Germany’s New Development Cooperation Policy

2014-03 Cologne-4On March 7-8, our German National Board Member Jemima Hartshorn and I had the opportunity to attend the annual Eichholz Conference of the Konrad-Adenauer-Stiftung (Foundation) – the philanthropic arm of the current ruling party (CDU).

The highlight of the Eichholz Conference was a talk (starting the session where I also presented The Hunger Project) by the State Secretary in the Ministry of Development (BMZ), Dr. Friedrich Kitschelt,  at which he unveiled the framework for German international development cooperation for the next four years. Kitschelt is an inspiring speaker and an intellectual powerhouse, and his presentation of the strategy was a virtuoso, fast-paced 40-minute talk with just a few notes.

Background: this is the first time in decades that the ruling Christian Democratic Union (CDU) has controlled the BMZ. As a “not so glamorous ministry” it has always before been awarded to coalition partners. So this is an unusually big deal.

Although the CDU is center-right and German Civil Society is quite left, this framework is seen as one that represents a common vision and both sides hope this next four years could be less confrontational between the sectors. It will be more formally launched at an event on Germany’s contribution to the MDGs/SDGs on April 1 to which THP is invited.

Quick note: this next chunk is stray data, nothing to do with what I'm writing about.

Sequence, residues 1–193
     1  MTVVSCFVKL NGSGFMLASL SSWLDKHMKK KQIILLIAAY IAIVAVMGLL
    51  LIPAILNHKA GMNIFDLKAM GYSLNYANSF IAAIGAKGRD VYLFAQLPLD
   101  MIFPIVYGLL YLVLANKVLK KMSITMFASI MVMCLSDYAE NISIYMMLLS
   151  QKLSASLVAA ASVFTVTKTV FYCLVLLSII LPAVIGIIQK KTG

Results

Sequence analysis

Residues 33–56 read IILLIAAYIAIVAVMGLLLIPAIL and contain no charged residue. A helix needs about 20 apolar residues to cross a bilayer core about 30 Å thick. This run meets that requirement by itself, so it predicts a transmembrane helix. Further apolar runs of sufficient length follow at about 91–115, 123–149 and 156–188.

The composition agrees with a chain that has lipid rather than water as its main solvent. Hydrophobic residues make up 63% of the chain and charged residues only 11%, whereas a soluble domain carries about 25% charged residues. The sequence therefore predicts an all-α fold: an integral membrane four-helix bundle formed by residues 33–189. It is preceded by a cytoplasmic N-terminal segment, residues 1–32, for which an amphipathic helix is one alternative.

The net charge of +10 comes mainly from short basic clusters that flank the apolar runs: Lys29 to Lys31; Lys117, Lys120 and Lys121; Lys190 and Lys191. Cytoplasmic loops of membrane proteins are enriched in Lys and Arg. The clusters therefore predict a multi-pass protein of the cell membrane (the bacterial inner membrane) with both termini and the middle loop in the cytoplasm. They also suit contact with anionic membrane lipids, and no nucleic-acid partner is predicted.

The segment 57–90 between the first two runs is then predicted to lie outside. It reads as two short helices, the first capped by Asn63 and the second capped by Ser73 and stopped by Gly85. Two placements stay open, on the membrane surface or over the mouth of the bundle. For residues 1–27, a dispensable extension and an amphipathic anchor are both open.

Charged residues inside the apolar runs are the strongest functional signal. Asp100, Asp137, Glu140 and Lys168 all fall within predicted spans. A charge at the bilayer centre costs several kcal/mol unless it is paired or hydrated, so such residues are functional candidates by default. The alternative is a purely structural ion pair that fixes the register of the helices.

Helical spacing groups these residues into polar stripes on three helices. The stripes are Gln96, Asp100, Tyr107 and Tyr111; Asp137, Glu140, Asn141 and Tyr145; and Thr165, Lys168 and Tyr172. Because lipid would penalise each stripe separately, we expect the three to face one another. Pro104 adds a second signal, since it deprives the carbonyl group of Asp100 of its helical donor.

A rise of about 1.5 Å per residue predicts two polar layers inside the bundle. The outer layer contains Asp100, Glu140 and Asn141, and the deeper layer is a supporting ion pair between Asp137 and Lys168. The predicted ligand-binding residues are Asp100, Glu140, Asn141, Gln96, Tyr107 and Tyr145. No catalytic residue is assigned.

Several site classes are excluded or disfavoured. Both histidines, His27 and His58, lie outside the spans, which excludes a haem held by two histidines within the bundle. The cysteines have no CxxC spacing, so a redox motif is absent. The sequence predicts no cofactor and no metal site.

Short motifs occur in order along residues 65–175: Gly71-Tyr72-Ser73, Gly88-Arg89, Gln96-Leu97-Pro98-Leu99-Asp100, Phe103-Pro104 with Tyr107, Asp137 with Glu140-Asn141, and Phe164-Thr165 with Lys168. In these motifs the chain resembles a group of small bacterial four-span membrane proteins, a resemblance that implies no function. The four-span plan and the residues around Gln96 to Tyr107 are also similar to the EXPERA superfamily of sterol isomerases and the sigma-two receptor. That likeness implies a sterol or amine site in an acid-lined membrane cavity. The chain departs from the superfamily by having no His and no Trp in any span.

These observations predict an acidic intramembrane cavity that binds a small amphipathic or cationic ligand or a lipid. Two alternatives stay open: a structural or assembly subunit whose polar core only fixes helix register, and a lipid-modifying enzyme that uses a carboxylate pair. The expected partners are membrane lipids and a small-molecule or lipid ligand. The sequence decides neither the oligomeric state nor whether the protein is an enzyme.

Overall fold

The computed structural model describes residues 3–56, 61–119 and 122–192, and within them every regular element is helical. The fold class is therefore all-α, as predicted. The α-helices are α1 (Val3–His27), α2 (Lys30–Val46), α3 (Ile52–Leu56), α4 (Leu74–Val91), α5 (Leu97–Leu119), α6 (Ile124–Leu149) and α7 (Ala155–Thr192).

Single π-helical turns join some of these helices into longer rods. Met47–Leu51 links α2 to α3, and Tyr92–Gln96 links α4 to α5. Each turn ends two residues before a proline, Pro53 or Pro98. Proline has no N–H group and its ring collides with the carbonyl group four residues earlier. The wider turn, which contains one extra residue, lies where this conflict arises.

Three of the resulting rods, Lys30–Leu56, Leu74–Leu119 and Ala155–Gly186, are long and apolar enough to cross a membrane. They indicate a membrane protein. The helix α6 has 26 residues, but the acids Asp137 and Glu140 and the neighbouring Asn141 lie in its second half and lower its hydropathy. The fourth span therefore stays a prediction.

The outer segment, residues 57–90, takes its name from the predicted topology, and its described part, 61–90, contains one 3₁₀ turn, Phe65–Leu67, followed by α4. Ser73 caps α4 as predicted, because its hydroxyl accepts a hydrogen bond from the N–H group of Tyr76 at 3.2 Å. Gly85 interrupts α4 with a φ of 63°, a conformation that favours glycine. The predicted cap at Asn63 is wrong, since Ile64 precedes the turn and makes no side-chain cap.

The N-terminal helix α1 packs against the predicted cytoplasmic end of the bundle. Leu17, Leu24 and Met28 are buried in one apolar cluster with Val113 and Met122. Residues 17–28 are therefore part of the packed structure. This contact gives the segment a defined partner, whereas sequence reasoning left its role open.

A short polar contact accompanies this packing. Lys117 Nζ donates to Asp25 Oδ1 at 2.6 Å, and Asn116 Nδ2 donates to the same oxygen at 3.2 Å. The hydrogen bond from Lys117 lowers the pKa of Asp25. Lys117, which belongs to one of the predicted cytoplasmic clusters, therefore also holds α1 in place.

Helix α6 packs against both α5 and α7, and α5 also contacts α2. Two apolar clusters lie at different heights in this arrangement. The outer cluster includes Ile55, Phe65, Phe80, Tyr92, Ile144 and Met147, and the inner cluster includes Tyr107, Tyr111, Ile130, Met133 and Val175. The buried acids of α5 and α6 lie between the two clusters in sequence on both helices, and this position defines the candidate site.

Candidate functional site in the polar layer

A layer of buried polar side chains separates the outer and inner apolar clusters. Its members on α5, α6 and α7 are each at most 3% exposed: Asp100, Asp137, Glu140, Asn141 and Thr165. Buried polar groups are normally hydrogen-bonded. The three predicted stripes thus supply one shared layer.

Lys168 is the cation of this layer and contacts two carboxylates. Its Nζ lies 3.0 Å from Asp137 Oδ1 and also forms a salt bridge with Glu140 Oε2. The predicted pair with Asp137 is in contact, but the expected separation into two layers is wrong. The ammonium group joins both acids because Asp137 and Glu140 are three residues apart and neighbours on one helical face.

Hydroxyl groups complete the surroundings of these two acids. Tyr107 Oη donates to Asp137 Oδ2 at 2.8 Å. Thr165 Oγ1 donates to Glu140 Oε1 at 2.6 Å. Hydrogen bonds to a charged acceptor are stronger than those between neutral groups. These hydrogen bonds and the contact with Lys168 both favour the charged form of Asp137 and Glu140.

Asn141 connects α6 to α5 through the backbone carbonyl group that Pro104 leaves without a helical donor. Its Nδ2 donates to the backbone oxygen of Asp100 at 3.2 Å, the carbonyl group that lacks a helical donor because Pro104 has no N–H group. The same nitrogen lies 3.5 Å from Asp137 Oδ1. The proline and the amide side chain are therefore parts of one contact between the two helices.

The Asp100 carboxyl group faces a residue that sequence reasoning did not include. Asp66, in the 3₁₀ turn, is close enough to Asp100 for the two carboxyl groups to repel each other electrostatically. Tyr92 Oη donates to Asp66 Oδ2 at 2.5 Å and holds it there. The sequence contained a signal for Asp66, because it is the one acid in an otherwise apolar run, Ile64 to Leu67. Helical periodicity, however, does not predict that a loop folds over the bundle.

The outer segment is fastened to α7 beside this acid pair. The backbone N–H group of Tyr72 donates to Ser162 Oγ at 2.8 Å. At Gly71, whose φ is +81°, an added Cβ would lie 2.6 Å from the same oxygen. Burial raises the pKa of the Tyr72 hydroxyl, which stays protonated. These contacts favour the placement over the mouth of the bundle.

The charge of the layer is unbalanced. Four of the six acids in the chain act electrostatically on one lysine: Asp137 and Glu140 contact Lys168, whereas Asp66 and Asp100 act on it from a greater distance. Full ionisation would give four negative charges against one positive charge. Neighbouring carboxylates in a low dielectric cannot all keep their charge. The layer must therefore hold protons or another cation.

Principles: The Policy is based deeply on Catholic Social Teaching with principles of human dignity (which, I learned, emerged from Germany, not Rome), social equality, subsidiarity and solidarity with the poor. Germany will stand for people-centered, planet-sensitive development – for social/cultural/political/environmental sustainability. It will demand high performance standards of its partners, and focus on countries where the partner (ie, program) country is “responsible.”

Tiers: It will work at three tiers: the State, the Social Institutions, and the Human Being.

Three Special Initiatives: (1) One World Without Hunger: this sounds a bit like Feed the Future Plus, in that it will see to build a comprehensive strategy involving not only all government agencies, but civil society and business as well. (2) Stabilizing conflict states in Africa and the Middle East, and (3) Renewable Energy (check this last on the German website please – the translator was confused on that one).

G8 Presidency in 2015: Germany will preside as the Post-2015 agenda is adopted, and is excited about that. It will support the principle of universality for the goals – adopting them to both rich and poor countries. It will push for strong Post-2015 focus in four areas (1) ending hunger and extreme poverty, (2) human dignity, (3) sustainable resource management, (4) good governance and peace-building (the goal considered most controversial). They see this – plus the 2015 Climate Change negotiations will be a real test for the UN.